Architecture in situ refers to its function and context--and that is how each building is examined in this DK book: what was/is its use and importance. "Architecture is handed down to us in a 'used' condition and is subject to a continual process of evolution" (6). I had initially planned to deduct a star for the book's not showing an illustration of the building's original edifice (as opposed to showing the ruins of many of the ancient structures). However, the writer's pointed reference to a building's modifications and rebuilding over the years would indicate cultural preferences and developments of the builders. A building in ruins would indicate the end of the people, also an important indicator. The book then begins with an early architecture in ruins: the Temple of Amun in Karnak, Egypt. Each structure throughout the book is shown on two pages, with a photograph showing as much a total of the complex as possible, then side photos and illustrations devoted to details. One includes specifications. A partial list of architectural greats: the Parthenon, the Colosseum, the Pantheon, Ise Shrine (Japan), Santa Sophia (Byzantine empire), Temple I in Tikal (Mayan kingdom), a temple in India, Pisa Cathedral, Durham Cathedral, Angkor Wat, Krak des Chevaliers (Syria), Notre Dame de Paris, and the Alhambra. Many cathedrals and temples are included, as well as educational buildings (King's College, Cambridge), personal town homes: Villa Rotonda, Italy, Hardwick Hall, England, as well as a mausoleum (Taj Mahal in India), palaces (Potala palace in Tibet), museums (Altes in Berlin), government (the House of Parliament), industrial (Turbine Building near Paris for power for a chocolate factory). Then, of course, there are the modernistic homes built by Frank Lloyd Wright (Robie House in Chicago), the amazing Crystal Palace (industrial finesse), the creative Glasgow School of Art, the soaring Empire State Building, the delightful Sydney Opera House, the functional and poetic Tokyo Olympic Stadium, the frankly industrial aesthetic of the Pompidou Center in Paris, the remarkable Hong Kong and Shanghai Bank, and the hovering Kansai International Airport Terminal, all of which mark architecture as the opening essay states: function and context of cultural preferences and historical development. This is an amazing and important book dedicated to human ingenuity and collaborative effort. Not to be missed. In reading and reviewing this book, I've been on a long and exciting journey through the history of creation in stone and iron and glass. Just amazing.
Impressive while affordable.
Published by Thriftbooks.com User , 14 years ago
This book takes us on an incredible journey through time and space, as we can stare lenghthily , without being on a frantic tour bus schedule, at the architectural wonders of our world . Without getting too technical , this volume , which will be enjoyed by all ages awakens a sense of wonder in us , by taking us in theses wonderful places , all over the planet. A tremendous wealth of visual inspiration.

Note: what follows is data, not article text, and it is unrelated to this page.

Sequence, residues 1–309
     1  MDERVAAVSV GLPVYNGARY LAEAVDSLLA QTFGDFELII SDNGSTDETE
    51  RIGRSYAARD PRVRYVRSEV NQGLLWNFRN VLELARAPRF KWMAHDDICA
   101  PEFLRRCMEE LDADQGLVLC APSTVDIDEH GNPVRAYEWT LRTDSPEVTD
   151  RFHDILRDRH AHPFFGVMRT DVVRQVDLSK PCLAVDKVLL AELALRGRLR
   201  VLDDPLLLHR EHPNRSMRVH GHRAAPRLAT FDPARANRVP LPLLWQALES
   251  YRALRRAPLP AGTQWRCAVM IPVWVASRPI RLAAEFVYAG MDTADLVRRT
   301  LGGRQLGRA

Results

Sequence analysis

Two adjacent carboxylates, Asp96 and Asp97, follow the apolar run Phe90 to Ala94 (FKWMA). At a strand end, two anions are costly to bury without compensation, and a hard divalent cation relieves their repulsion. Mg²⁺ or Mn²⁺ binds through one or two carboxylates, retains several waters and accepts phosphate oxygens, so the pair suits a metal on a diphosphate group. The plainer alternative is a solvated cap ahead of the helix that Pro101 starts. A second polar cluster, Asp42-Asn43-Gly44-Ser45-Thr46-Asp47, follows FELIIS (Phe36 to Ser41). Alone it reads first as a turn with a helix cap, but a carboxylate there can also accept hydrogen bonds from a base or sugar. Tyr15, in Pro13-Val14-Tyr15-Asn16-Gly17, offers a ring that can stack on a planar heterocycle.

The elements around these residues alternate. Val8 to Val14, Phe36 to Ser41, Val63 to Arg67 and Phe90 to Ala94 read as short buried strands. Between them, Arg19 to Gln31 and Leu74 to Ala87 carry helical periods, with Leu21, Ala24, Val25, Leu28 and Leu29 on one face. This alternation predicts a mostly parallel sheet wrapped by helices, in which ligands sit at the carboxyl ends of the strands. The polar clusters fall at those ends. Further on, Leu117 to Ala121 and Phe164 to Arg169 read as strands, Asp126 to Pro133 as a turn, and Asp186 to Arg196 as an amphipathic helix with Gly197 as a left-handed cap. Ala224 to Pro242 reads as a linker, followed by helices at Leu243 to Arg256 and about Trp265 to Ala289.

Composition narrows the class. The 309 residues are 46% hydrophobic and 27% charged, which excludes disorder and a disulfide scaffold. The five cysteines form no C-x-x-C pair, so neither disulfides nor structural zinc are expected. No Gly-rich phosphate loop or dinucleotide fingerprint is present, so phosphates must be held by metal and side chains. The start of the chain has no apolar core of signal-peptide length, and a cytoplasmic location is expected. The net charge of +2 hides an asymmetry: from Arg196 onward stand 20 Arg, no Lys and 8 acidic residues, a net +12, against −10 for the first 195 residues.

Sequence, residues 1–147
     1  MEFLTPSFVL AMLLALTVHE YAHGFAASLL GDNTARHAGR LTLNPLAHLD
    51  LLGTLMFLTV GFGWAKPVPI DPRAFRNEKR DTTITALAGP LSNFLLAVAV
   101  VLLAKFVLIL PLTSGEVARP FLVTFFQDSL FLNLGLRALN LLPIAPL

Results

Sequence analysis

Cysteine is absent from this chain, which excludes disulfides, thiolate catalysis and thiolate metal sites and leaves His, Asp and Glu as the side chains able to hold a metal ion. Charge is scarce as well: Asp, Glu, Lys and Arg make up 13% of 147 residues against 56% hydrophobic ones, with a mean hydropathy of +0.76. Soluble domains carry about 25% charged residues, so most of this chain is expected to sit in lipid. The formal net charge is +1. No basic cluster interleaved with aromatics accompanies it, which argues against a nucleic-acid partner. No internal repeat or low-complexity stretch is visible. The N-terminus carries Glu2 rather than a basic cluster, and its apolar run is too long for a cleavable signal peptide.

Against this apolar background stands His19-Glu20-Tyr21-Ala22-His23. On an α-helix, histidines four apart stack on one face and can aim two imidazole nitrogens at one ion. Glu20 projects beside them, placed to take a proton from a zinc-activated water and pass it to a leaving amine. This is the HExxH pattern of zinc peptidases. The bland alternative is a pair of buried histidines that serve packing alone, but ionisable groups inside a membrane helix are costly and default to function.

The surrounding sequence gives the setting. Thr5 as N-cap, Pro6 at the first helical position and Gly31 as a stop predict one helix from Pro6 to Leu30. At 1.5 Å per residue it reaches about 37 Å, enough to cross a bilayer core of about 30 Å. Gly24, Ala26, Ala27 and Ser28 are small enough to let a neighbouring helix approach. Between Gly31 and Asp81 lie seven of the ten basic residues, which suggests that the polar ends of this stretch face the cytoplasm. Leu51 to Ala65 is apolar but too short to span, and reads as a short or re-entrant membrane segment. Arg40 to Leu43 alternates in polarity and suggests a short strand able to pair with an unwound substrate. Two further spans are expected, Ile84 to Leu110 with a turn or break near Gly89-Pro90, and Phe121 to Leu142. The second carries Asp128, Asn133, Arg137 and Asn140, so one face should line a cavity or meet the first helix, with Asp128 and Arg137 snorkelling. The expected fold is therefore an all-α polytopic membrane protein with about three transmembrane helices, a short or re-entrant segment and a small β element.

The World's Greatest Buildings Explored and Explained <br /> The World's Greatest Buildings Explored
Published by Thriftbooks.com User , 16 years ago
Great photos as there always is in the DK series. Takes the viewer from ancient Egypt to 1994 completion of the Osaka Airport designed by Piano. Great introduction to architecture.
50 of the World's Greatest Structures
Published by Thriftbooks.com User , 20 years ago
Probably the only thing better than owning this book, would be to travel to all these locations with someone you absolutely loved and who absolutely had a love for life and architecture. Features: -Every important architectural style from ancient Egyptian to Contemporary -50 sites illustrating changes and developments in architecture in all cultures -Authoritative text to explain developments in technology, materials and styles -Detailed annotations Some of the sites featured: Notre-Dame-du Haut, Ise Shrine, The Chrysler Building, The Parthenon, Taj Mahal, Temple of Amun, Karnak, The Colosseum, Santa Sophia, Pisa Cathedral, Durham Cathedral, Sydney Opera House, Tokyo Olympic Stadium and Notre-Dame, Paris. Favorites: Santa Sophia, Kandariya Mahadev Temple, Pisa Cathedral, Durham Cathedral, Angkor Way, Florence Cathedral, St. Basil's Cathedral, Hardwick Hall, Taj Mahal, Castle Howard, Sagrada Familia and The Ark. Each site has a two-page spread. You can see a large picture covering the middle/center of the two pages and then it is surrounded by facts about the specifications, history, floor plans, sketches, inside views, specific decorations and styles. When viewing the pictures of the Leaning tower of Pisa, you also get to see the inside of the Pisa Cathedral and read about Romanesque vaulting. My favorite site is the Notre-Dame, Paris. This is the most amazing Gothic cathedral ever and was well worth the bus ride to Paris! Unfortunately they don't have room to show you the interior, which is rather amazing in itself. An exploration into human creativity. This book will make you want to travel the world to see these fascinating buildings in person. Just to imagine walking amongst all this inspiration makes one feel overwhelmingly alive. Who would not want to walk along the stone-vaulted corridors in the Castle Drogo? Feeling Inspired. ~The Rebecca Review
Pictures and info about the world's best structures.
Published by Thriftbooks.com User , 24 years ago
Every D-K book I have had the pleasure of reading has been a feast for the eyes as well as the mind. This one is no exception. I enjoyed it because it explores many famous structures as well as some which should be famous but are not. I knew little about architecture before I opened the book and so I learned a great deal and enjoyed every minute of it. I love this book!
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